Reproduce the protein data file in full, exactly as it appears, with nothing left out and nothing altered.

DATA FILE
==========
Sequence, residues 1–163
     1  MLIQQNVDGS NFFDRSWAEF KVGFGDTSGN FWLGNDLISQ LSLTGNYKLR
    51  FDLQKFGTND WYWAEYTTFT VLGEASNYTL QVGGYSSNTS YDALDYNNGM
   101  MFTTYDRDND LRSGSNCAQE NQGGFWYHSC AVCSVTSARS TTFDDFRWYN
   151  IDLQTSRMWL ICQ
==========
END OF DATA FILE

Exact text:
Sequence, residues 1–163
     1  MLIQQNVDGS NFFDRSWAEF KVGFGDTSGN FWLGNDLISQ LSLTGNYKLR
    51  FDLQKFGTND WYWAEYTTFT VLGEASNYTL QVGGYSSNTS YDALDYNNGM
   101  MFTTYDRDND LRSGSNCAQE NQGGFWYHSC AVCSVTSARS TTFDDFRWYN
   151  IDLQTSRMWL ICQ